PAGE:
THERES A MAGNIFICENCE IN YOU!: James Stewarts about to send a charge through Katherine Hepburn in George Cukors The Philadelphia Story. Keep talking, she tells him.
In films, what everyone is striving for is to produce moments,” Princeton graduate James M. Stewart ‘32, born 100 years ago yesterday, told an audience at the British Film Theatre in 1972. “Not a performance, not a characterization, not something where you get into the part — you produce moments.” He recalled shooting a western (The Far Country) on location in British Columbia when a grizzled stranger “came out of the mist and looked at me and said, ‘Oh, yeah. Yeah. I recognize ya. Well, I heard you was here, and I thought I’d come up and say hello. I’ve seen a lot of your picture shows, but I think the one I liked best — you were in this room. And your girlfriend was in the next room and there were fireflies outside, and you recited a piece of poetry to her.’”
The girlfriend was Hedy Lamarr and the picture was Come Live With Me, released in 1941, some 15 years earlier. As Stewart told Peter Bogdanovich on another occasion, “That little tiny thing — didn’t last even a minute — he’d remembered all those years And that’s the thing — that’s the great thing about the movies.”
One fine Princeton Saturday afternoon in June 1982 we were part of the crowd on Prospect Avenue watching the P-Rade when someone yelled “Jimmy!” and there he was, towering over the rest of the marchers in the Class of 1932 contingent, waving and smiling. That moment when movie life and real life coalesced put a glow on the rest of the day and had us thinking of the onetime campus presence who played the accordion and partied on Prospect and acted at Theatre Intime and went on to become George Bailey, Jefferson Smith, Elwood P. Dowd, and the poet wooing Hedy Lamarr. That was Jimmy Stewart walking by, arguably the most potent, passionate, and consummately intense movie actor in a generation that included Clark Gable, Spencer Tracy, Henry Fonda, Paul Muni, Frederic March, Gary Cooper, John Wayne, Cary Grant, and Humphrey Bogart.
Of all the male stars, none has been so consistently and short-sightedly oversimplified — Mr. Nice Guy, the quintessential “ordinary man,” a gawky, drawling, awshucks upstanding, noble American male, who, to quote Michiko Kakutani, “radiated a quality of unadorned decency that made him the ideal hero.”
The essence of Stewart’s art, however, has nothing decent or ordinary about it. Although he says that his secret is to “try not to make the acting show,” he’s a deeply emotional actor. No other player goes so far or puts so much sheer force into the making of those special moments, regardless of the content; he can touch you with a whisper or a look and he can generate enough intimate lightning to make your hair stand on end. No one, not tough guys like Gable and Cagney and Bogart, not even Cooper or Grant or Fonda at their most electric, can match his intensity.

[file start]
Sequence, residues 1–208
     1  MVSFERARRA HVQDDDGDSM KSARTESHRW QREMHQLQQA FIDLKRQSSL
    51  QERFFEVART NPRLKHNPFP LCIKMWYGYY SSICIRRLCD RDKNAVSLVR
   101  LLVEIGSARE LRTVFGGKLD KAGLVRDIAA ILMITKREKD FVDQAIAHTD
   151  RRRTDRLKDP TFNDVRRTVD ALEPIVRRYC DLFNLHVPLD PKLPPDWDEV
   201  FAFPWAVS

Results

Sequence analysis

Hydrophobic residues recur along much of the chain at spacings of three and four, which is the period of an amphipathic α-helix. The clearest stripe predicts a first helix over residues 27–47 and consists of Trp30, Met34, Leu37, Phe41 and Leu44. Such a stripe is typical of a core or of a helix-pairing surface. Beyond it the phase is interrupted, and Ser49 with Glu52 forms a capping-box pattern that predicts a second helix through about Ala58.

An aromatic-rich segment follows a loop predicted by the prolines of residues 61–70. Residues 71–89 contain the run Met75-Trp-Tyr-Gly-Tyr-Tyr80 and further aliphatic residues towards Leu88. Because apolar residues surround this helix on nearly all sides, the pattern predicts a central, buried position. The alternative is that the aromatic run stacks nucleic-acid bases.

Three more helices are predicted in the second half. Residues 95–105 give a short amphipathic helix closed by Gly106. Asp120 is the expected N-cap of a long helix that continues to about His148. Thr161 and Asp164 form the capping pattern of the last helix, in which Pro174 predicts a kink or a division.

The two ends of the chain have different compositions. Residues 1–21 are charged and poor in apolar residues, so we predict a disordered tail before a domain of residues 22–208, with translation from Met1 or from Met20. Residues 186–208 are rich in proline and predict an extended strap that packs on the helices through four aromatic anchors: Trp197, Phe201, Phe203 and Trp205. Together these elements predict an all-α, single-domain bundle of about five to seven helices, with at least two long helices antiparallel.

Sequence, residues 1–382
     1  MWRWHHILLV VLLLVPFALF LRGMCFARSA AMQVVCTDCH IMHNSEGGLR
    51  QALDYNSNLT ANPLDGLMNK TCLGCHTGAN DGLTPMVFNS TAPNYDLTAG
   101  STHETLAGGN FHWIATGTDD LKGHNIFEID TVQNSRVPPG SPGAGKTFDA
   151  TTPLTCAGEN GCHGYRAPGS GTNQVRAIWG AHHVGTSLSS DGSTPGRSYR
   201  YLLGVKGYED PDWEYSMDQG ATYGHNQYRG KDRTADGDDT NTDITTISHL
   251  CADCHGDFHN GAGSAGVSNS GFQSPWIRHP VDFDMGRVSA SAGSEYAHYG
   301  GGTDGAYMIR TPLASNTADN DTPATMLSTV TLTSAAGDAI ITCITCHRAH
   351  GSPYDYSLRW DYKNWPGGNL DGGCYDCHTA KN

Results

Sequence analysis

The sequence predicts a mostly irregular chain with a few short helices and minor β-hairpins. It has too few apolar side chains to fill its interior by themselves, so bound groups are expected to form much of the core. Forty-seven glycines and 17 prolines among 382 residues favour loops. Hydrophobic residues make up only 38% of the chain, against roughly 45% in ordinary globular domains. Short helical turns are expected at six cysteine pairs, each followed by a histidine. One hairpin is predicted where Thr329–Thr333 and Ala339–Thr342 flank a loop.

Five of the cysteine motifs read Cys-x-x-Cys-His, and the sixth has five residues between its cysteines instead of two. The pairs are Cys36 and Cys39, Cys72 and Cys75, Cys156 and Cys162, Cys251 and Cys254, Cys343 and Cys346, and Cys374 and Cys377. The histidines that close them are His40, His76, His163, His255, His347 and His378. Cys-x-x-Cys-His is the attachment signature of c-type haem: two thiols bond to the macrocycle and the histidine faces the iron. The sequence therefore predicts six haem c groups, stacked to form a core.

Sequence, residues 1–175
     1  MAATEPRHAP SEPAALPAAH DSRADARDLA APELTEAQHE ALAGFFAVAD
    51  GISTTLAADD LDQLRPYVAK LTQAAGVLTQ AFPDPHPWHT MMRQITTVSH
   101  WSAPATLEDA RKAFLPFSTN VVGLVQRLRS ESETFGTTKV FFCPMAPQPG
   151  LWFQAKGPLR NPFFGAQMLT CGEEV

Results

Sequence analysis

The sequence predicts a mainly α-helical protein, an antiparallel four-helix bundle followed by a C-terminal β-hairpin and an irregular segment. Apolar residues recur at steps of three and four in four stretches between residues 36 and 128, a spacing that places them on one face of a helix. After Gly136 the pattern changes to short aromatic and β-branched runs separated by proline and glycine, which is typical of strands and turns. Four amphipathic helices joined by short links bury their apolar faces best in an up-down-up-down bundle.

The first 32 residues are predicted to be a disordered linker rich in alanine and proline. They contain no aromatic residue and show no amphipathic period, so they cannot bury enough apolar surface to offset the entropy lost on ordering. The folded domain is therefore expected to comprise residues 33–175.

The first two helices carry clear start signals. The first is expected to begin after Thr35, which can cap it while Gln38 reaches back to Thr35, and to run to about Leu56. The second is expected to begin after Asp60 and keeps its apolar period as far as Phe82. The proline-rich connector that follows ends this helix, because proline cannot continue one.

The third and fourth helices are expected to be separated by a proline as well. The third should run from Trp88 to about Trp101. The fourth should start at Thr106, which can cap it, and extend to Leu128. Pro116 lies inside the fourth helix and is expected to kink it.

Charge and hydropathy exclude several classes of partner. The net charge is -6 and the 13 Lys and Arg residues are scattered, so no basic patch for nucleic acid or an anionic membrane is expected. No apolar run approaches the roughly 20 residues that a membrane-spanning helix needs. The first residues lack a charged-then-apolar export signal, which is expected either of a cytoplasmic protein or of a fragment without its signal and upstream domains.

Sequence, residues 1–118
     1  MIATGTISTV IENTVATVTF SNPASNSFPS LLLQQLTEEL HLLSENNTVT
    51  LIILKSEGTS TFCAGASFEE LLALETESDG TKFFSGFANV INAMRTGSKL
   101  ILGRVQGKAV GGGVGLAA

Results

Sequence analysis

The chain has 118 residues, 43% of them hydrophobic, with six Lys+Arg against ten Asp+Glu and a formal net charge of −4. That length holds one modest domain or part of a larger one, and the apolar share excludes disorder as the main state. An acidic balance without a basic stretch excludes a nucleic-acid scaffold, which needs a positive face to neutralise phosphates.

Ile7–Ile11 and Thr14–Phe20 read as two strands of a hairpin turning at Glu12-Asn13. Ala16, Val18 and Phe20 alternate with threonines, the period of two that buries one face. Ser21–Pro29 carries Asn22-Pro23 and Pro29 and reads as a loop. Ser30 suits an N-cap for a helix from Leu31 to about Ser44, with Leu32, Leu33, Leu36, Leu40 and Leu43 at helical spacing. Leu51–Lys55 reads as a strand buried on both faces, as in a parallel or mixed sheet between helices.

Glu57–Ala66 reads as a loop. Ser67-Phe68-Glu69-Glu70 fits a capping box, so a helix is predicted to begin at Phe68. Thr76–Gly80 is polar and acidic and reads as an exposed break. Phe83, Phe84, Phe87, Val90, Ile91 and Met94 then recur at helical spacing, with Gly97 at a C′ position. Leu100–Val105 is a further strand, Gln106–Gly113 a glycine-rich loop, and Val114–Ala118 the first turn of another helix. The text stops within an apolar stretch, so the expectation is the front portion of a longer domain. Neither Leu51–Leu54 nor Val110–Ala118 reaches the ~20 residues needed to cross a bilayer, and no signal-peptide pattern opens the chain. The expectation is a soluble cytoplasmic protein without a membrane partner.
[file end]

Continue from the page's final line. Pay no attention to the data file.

In love scenes such as the ones with Katherine Hepburn in George Cukor’s The Philadelphia Story and Donna Reed in Frank Capra’s It’s a Wonderful Life, he lifts the emotional current to a higher, richer level. In the sequence with Hepburn, after the two of them have been trading gibes, he grabs her by the shoulders and assaults her with a rhapsody (“There’s a magnificence in you, Tracy! You’re lit from within!”) so wild and wonder-struck (he’s beaming at her like a mad scientist who has just discoverted the elixir of life) that it has them both trembling; the revelation he’s undergoing simply overwhelms her, dissolves her (“Keep talking,” she begs, she’s swooning, “my insteps are melting put me in your pocket!”). Few, if any, of his peers could have done that scene with the power required to convince us that a mere speech could have such a devastating impact on the rich girl who had baited him with a taunt that apparently inspired the outburst (“So much thought, so little feeling”).
It’s often been noted, even by Stewart himself, that the 1940 Best Actor Oscar he won for The Philadelphia Story was a consolation prize from the Academy to make up for overlooking him the previous year for his bravura performance in Capra’s Mr. Smith Goes to Washington. The filibuster scene in that film stands as one of the supreme examples of virtuoso acting in American film history, and it’s stoked by the same emotional fire, from its hushed, hoarse, against-all-odds relentlessness to the prayerful invocation to decency that finally destroys the senator (Claude Rains) who was trying to destroy the naive whistle-blower. What Stewart accomplishes in that scene is just a more layered and extended version of what he’s doing when he dazzles and disarms Hepburn, winning himself an Academy Award in the process.